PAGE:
Stepping back in time
The historic village of Rural will open some of its homes for tours from 11 a.m. to 4 p.m. Saturday, Sept. 22.
The Rural House Walk will feature narrated tours of the Sam Ashmun House (built in 1854), the Radley House (1887), the Dake House (1860), the Halfway House (1852), the Andrew Potts House (1853) and the Millinery Shop (1857).
“When the village started, it was a stagecoach stop between Berlin and Stevens Point. It’s just sort of a unique gem out in the middle of Dayton,” said Jeff Fletcher.
He and his wife Pat live in the Dake House, and Pat is the chairperson of this year’s Rural House Walk.
The Rural Historical Society sponsors the walk, and the Fletchers are members of the group.
They have lived in the Dake House for 23 years.
“We always wanted an old house. It’s the history,” he said.
For the Fletchers, probably the most unique aspect of their house is that the Dakes were jewelers. “Next door was their little shop,” he said.
Pat said they like the character, community and way of life in Rural.
Many who visit Rural characterize it as a New England village in the heart of Wisconsin, Jeff said.
He said the community was built almost exclusively by Yankees from the eastern United States who could trace their heritage to Great Britain and that there is only one other village in the state that is as intact a Yankee Village as Rural.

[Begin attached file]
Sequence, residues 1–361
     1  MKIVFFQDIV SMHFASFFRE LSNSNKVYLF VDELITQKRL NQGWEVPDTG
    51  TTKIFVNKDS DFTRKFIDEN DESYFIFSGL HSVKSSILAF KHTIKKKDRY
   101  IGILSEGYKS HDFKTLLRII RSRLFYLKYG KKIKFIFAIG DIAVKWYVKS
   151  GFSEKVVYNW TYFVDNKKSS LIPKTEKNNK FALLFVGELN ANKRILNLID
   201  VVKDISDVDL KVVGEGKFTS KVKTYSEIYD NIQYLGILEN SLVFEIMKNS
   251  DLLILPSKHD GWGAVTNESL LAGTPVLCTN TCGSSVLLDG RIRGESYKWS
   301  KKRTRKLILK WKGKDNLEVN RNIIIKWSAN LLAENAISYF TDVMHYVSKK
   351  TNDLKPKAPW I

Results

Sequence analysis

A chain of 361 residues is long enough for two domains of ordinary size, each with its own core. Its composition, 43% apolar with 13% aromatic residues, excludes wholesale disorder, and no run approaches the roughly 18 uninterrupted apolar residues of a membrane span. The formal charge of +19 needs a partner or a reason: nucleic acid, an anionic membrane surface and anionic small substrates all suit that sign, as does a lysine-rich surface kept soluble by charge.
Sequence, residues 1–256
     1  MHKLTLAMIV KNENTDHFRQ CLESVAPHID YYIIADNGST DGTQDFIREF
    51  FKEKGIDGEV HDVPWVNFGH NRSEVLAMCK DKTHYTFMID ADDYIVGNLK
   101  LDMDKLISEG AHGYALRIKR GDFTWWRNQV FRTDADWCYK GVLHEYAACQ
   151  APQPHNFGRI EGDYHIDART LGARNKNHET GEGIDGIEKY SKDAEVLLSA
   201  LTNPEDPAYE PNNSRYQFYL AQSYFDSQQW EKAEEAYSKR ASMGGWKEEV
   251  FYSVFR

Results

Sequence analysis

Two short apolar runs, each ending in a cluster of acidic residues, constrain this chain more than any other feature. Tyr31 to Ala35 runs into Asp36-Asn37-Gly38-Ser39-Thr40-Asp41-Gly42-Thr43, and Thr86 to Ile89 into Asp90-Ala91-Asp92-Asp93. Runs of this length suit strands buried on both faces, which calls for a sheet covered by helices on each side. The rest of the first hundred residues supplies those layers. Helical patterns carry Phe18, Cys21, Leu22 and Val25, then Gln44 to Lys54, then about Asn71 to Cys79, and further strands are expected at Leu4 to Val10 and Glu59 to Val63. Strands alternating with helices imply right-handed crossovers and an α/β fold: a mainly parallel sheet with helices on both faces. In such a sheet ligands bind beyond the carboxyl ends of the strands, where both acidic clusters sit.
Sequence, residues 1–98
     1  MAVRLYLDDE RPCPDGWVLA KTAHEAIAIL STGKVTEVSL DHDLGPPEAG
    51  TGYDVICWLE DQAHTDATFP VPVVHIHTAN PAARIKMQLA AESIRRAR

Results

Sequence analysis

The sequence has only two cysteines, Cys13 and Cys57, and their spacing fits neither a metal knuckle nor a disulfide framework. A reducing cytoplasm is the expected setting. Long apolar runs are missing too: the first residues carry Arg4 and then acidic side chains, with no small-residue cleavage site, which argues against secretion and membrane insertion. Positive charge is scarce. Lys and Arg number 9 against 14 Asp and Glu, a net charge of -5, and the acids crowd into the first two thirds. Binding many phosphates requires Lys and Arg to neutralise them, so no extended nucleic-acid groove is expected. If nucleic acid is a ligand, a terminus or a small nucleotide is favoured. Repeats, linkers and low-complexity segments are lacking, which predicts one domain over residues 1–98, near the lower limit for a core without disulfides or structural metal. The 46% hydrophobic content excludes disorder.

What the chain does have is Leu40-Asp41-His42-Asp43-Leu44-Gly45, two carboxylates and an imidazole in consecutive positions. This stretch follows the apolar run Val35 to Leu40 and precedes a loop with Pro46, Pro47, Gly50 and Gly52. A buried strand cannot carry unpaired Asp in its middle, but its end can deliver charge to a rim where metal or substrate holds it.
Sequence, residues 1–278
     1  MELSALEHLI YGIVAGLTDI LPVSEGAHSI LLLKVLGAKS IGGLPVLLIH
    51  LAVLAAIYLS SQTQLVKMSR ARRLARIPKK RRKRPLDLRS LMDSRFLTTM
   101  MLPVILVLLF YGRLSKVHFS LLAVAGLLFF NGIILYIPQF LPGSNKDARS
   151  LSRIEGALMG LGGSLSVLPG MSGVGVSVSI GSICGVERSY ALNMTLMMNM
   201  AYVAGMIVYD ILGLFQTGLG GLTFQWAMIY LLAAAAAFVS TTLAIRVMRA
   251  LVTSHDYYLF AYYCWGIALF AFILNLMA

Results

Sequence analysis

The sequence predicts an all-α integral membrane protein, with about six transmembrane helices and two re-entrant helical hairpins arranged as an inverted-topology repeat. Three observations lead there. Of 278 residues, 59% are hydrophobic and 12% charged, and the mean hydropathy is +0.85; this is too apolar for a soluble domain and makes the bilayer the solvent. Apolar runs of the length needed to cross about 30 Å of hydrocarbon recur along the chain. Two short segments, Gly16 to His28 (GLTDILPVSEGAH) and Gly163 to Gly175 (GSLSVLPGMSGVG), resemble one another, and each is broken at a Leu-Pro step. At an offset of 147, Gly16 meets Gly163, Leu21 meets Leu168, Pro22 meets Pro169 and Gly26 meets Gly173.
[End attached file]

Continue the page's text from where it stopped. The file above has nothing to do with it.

The other village in outside of Madison.
Jeff said a total of 52 structures in Rural are listed on the National Register of Historic Places, including one silo and a couple of bridges.
The historical society sponsors the walk about every five years, said Pat. The Sept. 22 walk will be the seventh or eighth one, she said.
“It has been well attended in the past,” she said.
Pat said the purpose of the walk is to keep, preserve and pass on the legacy of the village, “because it is a very unique place to live.”
It was in 1850 that James Hickman Jones settled his family in Dayton to cash in on the stagecoach line that ran through the area, Jeff said.
Jones referred to the location as his “rural holding,” and it became a stage stop and soon flourished with boarding houses, a mill and two stores to cater to travelers, Jeff said.
He said that Jones called his place the Halfway House. It also contained the village’s first post office.
The public is invited to the Sept. 22 house walk.
The streets will be closed off to vehicle traffic, with access provided by a horse and wagon. Parking will be available at both ends of the village.
Pat said this is the first time that the Millinery Shop is part of the tour, and Jeff said there will also be a living cemetery taking place at the same time as the house walk.
Several founders of the village will be portrayed.
Food will be available for purchase at the Rural Historical Society. The hall will be open that day as well, with lifelong residents Dale and Crystal Barlow on hand.
Tickets for the Rural House Walk are available on site the day of the event and in advance at Fletcher’s Jewelry and the Waupaca Area Chamber of Commerce.
Tickets are $8 for adults and $4 for children younger than 12.
“We’re thankful for all the volunteers,” Pat said. “It’s not just one person doing it. It takes a village to put on the Rural House Walk.”